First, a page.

Trust Uncle Trevor to tell it to us straight. While England's supporters celebrate Alastair Cook's 10,000 runs, and James Anderson's rise to No 1 in the world Test rankings, the head coach Trevor Bayliss quietly but firmly tells us how much England have to do.
"We're not a team in transition but we've still got a long way to go before we reach our best - or a position, or way of playing the game, that I think everyone would be happy with," Bayliss said after England had gone 2-0 up in the Test series against Sri Lanka.
"If we want to compete against Australia, who are the No?1 team at the moment, on a consistent basis there are areas we need to improve," Bayliss added. "So we are still a work in progress."
It was glaringly obvious during the Durham Test - whenever Anderson was not steaming in and papering over the cracks - that the areas where England "need to improve" are top-order batting, backup seam bowling, spin bowling, wicketkeeping, captaincy when spinners are on, and fielding.
That's all. But for public consumption Bayliss backs all of his players, starting with Cook.
"He is right up there with any of the best international players," he said of his captain. "He is not the biggest stroke-player of all time. He knows his game very well, he is very patient and he sticks to his game.
"To be able to do that over the period of time he has played and score as many runs as he has is a fantastic effort."
Bayliss did not rule out Cook going on to 15,922 Test runs to overtake Sachin Tendulkar as the all-time record holder. "It will be about how long he wants to keep doing it but certainly there is time on his side, so there is no reason he couldn't if his heart is still in it."
And is Cook's now sated? "Probably the opposite. Just listening to some of the press and the talk behind the scenes when I first got here [last June], all of the criticism and not necessarily winning as much as he'd have liked was weighing him down a little bit. I think a newer, younger team and winning with that team has given him a new lease of life."
More wise words from Bayliss on Steven Finn, who has taken four wickets for 138 runs on the same pitches on which Anderson has taken 18 at 7.72.
"I don't think there's any one thing you can tell anyone who's out of form or out of rhythm - it's about giving them as much support as possible and as much encouragement as you can," he said.
"I thought the two Tests Steven played in South Africa he was probably our best pace bowler. But sometimes you get a little bit out of nick - that's just what happens when you haven't played at this level for three or four months.
"I fully expect him to get back to where he was in that South Africa series very shortly. We know the devastating bowler he can be when he gets it right."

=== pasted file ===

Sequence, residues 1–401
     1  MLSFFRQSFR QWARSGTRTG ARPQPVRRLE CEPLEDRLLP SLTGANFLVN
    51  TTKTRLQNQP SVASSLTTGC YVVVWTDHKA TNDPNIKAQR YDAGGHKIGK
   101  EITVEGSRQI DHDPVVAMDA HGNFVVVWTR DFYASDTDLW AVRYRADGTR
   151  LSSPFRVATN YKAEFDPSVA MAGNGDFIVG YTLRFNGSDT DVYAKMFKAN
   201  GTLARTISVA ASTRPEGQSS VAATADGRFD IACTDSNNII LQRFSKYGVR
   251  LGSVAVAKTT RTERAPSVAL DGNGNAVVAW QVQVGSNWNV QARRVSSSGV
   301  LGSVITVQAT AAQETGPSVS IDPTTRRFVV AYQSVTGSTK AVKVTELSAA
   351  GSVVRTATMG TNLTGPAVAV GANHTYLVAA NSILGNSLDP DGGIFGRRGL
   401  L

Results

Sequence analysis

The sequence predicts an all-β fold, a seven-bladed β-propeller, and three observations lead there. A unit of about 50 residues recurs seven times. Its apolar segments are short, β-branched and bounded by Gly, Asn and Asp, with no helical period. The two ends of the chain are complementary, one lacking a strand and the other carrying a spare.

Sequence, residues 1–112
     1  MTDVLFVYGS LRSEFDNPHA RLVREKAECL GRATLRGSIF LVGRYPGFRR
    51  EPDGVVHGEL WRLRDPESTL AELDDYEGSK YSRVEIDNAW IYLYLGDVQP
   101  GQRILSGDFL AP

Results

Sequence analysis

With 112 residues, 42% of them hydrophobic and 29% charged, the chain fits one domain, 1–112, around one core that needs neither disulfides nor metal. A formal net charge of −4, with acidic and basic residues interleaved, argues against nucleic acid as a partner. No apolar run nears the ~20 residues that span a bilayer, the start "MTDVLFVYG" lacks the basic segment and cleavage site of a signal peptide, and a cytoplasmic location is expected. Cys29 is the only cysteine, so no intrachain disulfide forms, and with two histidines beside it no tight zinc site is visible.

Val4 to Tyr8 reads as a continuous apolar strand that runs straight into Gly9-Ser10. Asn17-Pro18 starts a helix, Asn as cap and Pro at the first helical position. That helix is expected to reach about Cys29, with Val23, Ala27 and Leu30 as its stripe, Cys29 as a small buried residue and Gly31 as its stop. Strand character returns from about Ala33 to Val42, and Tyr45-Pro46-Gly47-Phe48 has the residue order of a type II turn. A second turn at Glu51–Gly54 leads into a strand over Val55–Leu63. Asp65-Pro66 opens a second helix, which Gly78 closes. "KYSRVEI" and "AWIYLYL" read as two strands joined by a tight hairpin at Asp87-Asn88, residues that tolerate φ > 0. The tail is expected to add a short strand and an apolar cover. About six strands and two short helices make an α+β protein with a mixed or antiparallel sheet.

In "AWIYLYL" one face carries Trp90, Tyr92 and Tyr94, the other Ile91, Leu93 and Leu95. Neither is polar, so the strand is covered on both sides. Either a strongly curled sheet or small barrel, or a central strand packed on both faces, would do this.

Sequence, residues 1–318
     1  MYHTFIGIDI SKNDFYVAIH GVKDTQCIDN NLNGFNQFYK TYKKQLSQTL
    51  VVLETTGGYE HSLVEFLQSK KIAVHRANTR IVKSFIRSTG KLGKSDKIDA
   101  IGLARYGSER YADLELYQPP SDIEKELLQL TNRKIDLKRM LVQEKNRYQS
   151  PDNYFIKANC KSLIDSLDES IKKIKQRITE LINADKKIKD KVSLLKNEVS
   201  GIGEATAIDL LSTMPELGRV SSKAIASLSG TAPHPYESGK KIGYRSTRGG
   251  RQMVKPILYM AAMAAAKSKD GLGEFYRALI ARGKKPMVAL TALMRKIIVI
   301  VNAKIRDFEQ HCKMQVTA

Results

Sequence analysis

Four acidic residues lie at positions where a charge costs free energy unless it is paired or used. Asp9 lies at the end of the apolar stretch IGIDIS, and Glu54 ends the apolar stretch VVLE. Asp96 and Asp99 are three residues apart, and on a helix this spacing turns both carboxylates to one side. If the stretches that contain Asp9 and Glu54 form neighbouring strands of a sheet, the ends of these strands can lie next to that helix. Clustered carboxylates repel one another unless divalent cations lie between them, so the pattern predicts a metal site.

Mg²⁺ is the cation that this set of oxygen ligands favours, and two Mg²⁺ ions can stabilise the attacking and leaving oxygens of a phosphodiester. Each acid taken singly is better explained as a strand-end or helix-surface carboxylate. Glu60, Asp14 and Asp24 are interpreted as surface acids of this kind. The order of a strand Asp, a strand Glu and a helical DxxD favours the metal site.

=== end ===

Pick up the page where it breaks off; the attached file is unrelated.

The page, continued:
On the much flatter surface at Lord's, for the third Test starting on Thursday next week, England will need more than the odd wicket from Moeen Ali.
Or, as Bayliss said when looking ahead to the autumn tours of Bangladesh and India: "We've got room for improvement in terms of taking wickets."
This is why Michael Vaughan's proposal of Scott Borthwick in The Daily Telegraph yesterday had so much to commend it:
James Vince to replace Nick Compton at three, and Borthwick not only to bat at five but bowl leg-spin and be a sparky presence in the field.
Jake Ball, who has been named in England's squad for the third consecutive Test, has admitted that he "nearly chucked up" over the chairman of selectors James Whitaker on hearing of his original selection, having just eaten a chocolate tart.
Had he known he was only going to be 12th man for the first two Tests, Ball could have been forgiven for an all-out spew.
Bayliss said: "It was very close for this game whether we played young Jake Ball or [Chris] Woakes.
For me, yes, it would be good to have a look at Ball in a situation like that [the dead-rubber Test at Lord's].
"On the same side of things it'd be good for Woakes to have a few games in a row. We'll have to sit down and discuss it but at this stage I'd have thought it'd possibly be the same team for Lord's."
Anderson has never been No?1 in the Test rankings before. He became the fourth England bowler of modern times to reach this notional position, after Ian Botham, Steve Harmison, and Stuart Broad earlier this year.
Anderson's Sri Lankan counterpart, Shaminda Eranga, has been reported for a suspect action.
Eranga will be allowed to play in the Lord's Test before further testing, and England will not mind too much. He has taken one wicket in this series for 172 runs.